Reasons why we love farming, number 56: continuity. Half a century ago, I got a new bicycle. It was a Raleigh, it was blue and silver, and I was pleased as punch with it.
I set up a simple loop round the farm buildings to enjoy its performance.
From the back door, I followed the track past the estate yard and workshop, complete with its creosote tank and massive sawbench, where Lord Sherborne’s carpenters and workmen made doors, windows and fence posts for the houses and farms of his village.
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I flew past the brand-new block of garages, put up in the early sixties by His Lordship as a response to these new-fangled motorcars which his tenants were buying and parking untidily on the roadsides.
Unfortunately, each garage’s dimensions were based on accommodating an Austin A40. Within a decade, they were useless.
Then it was round the left-hand bend, past the little cottage where the Debenhams lived; “Mrs Deb” was my mother’s “help”.
Her unwritten job description covered everything from cooking and cleaning to having me to stay when my parents went on holiday. Memories are clear of having a “bath” in her old-fashioned kitchen sink.
Jim-jams and crutches
Another left bend took me on to the public road – always a source of worry for my mother, but this was in the days before the National Trust arrived, before the M3 brought the Londoners down, and when sleepy little Hinton Ampner was all but unknown.
The road dropped downhill, I could pick up speed and sweep back into the farmyard – taking care not to lean over too much in the brand-new gravel that had just been laid – and start the loop again, and again, and again, as fast as possible.
Fifty years on, my pace is somewhat slower. I’m not on the bicycle, although I’m sure it could be found somewhere in one of the old barns and sheds if I looked hard enough.
I’m in my jim-jams and dressing gown, and on two crutches, pushing the new hip as hard as I dare. The route, however, is identical.
Past the old estate workshop, long silent; many years have passed since the howling three-phase planer could be heard finishing a window frame.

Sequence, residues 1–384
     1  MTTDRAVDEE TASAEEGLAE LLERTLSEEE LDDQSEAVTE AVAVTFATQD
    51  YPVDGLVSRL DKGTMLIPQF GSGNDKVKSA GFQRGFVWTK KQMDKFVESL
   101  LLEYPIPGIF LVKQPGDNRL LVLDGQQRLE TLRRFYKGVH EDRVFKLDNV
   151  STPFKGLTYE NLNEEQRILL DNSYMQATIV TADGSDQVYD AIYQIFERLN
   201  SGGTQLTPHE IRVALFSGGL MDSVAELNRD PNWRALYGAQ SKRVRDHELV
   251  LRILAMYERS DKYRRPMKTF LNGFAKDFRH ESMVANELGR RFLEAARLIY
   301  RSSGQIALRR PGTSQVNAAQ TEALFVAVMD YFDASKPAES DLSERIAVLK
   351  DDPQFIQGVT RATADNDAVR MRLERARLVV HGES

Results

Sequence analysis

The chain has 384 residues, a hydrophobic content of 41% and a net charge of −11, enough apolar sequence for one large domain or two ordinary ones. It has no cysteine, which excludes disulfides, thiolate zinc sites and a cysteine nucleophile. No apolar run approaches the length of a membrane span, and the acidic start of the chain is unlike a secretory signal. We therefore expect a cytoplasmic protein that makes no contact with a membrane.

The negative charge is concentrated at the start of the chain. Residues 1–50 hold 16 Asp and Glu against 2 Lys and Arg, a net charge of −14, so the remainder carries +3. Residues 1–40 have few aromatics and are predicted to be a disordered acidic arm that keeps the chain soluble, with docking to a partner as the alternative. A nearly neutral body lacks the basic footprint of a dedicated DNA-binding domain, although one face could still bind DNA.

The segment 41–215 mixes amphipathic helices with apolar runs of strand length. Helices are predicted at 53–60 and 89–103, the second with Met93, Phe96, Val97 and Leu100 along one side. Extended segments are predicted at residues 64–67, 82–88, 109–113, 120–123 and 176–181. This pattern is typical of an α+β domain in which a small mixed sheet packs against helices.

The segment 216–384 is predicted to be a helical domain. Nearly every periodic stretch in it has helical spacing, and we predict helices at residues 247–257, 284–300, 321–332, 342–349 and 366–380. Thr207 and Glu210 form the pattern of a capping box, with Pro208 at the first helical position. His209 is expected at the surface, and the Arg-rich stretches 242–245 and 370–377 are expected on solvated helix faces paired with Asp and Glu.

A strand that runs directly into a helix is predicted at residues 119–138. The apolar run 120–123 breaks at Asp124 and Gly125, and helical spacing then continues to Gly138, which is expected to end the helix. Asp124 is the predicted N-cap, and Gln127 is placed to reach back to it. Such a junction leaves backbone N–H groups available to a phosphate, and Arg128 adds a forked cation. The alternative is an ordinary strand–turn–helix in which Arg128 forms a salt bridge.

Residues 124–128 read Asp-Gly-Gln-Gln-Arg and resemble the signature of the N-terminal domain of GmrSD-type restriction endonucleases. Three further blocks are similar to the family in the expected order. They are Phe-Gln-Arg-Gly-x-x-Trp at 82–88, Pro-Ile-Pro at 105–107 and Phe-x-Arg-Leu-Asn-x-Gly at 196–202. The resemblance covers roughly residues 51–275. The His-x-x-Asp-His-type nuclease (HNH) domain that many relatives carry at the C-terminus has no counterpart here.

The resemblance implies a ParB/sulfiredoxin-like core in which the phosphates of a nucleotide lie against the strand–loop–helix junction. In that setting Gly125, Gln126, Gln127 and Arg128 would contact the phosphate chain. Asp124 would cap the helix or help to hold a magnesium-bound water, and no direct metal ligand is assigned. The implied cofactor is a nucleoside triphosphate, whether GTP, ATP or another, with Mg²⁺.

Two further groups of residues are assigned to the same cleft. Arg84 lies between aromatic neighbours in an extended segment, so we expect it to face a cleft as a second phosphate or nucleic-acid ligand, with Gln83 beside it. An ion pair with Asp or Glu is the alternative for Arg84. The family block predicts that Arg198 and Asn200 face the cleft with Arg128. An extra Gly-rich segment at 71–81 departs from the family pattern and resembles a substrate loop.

Then it’s gently round the massive locked gates – unheard of and unneeded 50 years ago – past the now-demolished garages, and gingerly round the bend next to Mrs Deb’s house.
Moral support often arrives from the modern-day residents, and from some of the hordes of National Trust visitors baffled to find a fat farmer in jim-jams hobbling along what is now part of the trust’s round-the-estate walk.
Hinton Ampner Who’s Who
The short stretch of public road is next; infinitely busier than it was in the days when a non-village car was enough to get everyone rushing to the windows, and an ear now has to kept open for a trophy wife in an SUV (aka “twig in a box”) hurtling nonsensically through the over-lush June lanes.
There’s a short, steep and challenging climb up the drive, over crumbling tarmac, and into the farmyard again.
No danger of slipping in deep gravel anymore; the last of it was washed down Farm Hill ages ago. Another leisurely lap competed.
Dear old Mrs Deb would chuckle at the final link over the 50 years. Just before being discharged from hospital, a bubbly and utterly professional young nurse was discretely helping me with a fantastically welcome shower.
“You’re from Hinton Ampner?” she asked. “Did you know Mrs Deb?” Of course, I replied. “Well, I’m her granddaughter.” It was the kitchen sink all over again.
Now that’s what I call continuity.